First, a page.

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The Journal of Heart and Lung Transplantation
International Society for Heart and Lung Transplantation.

Influence of human leukocyte antigen mismatching on bronchiolitis obliterans syndrome in lung transplantation

Published:September 22, 2015DOI:https://doi.org/10.1016/j.healun.2015.08.022

      Background

      Varying results have been reported in the investigation of human leukocyte antigen (HLA) mismatching and bronchiolitis obliterans syndrome (BOS) after lung transplantation (LTx).

      Methods

      The UNOS database was queried for the period 1997 to 2013 to examine HLA mismatching and its association with BOS in LTx.

      Results

      Of 16,959 first-time adult LTx recipients, 16,854 were included in the univariate Cox analysis and Kaplan–Meier survival function evaluation, and 14,578 were included in multivariate Cox models. Multivariate Cox analysis showed that the number of total HLA mismatches was significantly associated with greater hazard of BOS (HR = 1.060; 95% CI 1.013 to 1.108; p = 0.011), as was the presence of 2 HLA-A mismatches, when compared with 0 or 1 mismatch at that locus (HR = 1.128; 95% CI 1.026 to 1.240; p = 0.012). These results were confirmed using competing-risks regression models that adjusted for death before BOS diagnosis. Multivariate Cox models identified no significant association with BOS hazard for HLA-B (HR = 1.014; 95% CI 0.914 to 1.126; p = 0.785) or HLA-DR (HR = 1.085; 95% CI 0.987 to 1.193; p = 0.090) mismatches. Higher body mass index was associated with increased risk for BOS, whereas older age was protective against BOS. Induction with alemtuzumab (HR = 0.343; 95% CI 0.252 to 0.467; p < 0.001) or basiliximab (HR = 0.862; 95% CI 0.758 to 0.980; p = 0.023) and longer ischemic time (HR = 0.909; 95% CI 0.877 to 0.942; p < 0.001) were associated with lower hazard of BOS.

      Conclusions

      Total HLA mismatches are associated with increased risk for BOS, specifically at the A locus. Induction with alemtuzumab or basiliximab reduced the risk, whereas greater ischemic time appears to also be protective.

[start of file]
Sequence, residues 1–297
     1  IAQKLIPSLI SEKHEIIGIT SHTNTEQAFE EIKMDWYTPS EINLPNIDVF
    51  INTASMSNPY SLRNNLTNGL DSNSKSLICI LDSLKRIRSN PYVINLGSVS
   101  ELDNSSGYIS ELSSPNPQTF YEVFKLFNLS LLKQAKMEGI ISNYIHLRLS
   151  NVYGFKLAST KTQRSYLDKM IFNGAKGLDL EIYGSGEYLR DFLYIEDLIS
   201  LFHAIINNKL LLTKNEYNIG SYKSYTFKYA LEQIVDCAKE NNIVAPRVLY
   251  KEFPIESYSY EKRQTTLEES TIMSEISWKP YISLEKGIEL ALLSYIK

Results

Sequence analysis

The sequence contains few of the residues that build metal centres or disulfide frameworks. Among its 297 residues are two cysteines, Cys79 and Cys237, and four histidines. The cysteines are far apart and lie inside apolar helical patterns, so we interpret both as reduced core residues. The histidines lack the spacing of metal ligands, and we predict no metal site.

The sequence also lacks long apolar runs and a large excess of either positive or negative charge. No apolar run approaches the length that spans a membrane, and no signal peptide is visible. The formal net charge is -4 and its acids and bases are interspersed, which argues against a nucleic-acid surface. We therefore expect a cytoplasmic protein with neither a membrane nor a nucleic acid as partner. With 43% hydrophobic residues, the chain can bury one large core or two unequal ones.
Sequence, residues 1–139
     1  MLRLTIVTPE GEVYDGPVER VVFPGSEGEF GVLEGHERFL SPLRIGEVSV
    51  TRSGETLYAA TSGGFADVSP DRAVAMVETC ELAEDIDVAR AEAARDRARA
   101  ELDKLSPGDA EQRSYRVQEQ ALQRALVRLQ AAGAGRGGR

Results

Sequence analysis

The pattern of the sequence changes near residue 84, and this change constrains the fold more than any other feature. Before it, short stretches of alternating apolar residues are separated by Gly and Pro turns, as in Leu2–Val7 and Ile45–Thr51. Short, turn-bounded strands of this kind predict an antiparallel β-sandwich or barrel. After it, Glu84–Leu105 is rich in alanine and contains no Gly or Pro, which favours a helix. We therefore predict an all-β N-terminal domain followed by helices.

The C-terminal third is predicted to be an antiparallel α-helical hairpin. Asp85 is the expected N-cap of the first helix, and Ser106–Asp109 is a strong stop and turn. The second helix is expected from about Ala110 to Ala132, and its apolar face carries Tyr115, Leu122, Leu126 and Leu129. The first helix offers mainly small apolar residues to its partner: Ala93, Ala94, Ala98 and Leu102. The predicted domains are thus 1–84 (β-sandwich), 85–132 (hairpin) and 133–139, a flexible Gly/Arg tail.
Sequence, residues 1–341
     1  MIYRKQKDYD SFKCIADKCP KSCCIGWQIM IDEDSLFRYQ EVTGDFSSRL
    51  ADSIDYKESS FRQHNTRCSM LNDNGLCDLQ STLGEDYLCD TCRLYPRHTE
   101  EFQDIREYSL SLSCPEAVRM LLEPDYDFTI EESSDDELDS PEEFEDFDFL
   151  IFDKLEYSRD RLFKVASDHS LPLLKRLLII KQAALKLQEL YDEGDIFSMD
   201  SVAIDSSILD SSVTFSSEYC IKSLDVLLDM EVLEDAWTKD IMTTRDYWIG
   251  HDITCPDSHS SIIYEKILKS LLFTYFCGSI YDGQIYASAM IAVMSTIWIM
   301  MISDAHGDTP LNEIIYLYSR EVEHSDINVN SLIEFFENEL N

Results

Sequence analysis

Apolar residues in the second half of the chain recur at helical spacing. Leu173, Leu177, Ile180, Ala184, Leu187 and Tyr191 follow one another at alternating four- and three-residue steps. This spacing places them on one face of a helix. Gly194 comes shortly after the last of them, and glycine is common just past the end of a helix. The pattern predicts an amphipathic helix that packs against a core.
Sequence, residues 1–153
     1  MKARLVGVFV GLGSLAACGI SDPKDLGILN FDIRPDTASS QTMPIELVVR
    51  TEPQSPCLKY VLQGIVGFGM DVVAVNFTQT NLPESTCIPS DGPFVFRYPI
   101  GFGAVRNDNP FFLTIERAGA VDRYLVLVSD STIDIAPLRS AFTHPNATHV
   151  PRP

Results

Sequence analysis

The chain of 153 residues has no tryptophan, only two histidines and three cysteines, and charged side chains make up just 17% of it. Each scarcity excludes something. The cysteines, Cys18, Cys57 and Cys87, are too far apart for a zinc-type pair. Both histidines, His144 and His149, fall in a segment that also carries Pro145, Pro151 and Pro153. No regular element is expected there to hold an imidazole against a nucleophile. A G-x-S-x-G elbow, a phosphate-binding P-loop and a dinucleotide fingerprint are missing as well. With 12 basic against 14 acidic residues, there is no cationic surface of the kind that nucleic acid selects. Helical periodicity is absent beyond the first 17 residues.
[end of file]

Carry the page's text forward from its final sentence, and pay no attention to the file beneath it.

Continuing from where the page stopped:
Keywords

      Chronic lung allograft dysfunction, particularly bronchiolitis obliterans syndrome (BOS), which is the clinical counterpart of obliterative bronchiolitis (OB), has emerged as the major obstacle to long-term survival after lung transplantation (LTx).
      • Yusen R.D.
      • Edwards L.B.
      • Kucheryavaya A.Y.
      • et al.
      The registry of the International Society for Heart and Lung Transplantation: thirty-first adult lung and heart–lung transplant report—2014; focus theme: retransplantation.
      Within 5 years of LTx, 40.3% of first-time adult recipients develop BOS.
      • Yusen R.D.
      • Edwards L.B.
      • Kucheryavaya A.Y.
      • et al.
      The registry of the International Society for Heart and Lung Transplantation: thirty-first adult lung and heart–lung transplant report—2014; focus theme: retransplantation.
      Although the pathogenesis of BOS has not been completely characterized, multiple immunologic factors have been described as contributing to its development, including innate immunity response, cellular/humoral alloimmunity and cellular/humoral autoimmunity.
      • Gracon A.S.
      • Wilkes D.S.
      Lung transplantation: chronic allograft dysfunction and establishing immune tolerance.
      T-cell receptors recognize the allogeneic major histocompatibility complex (MHC), also termed human leukocyte antigen (HLA), on the donor cells via a direct pathway and peptide fragments of allogeneic MHC presented by recipient MHC molecules through an indirect pathway.
      • Gelman A.E.
      • Li W.
      • Richardson S.B.
      • et al.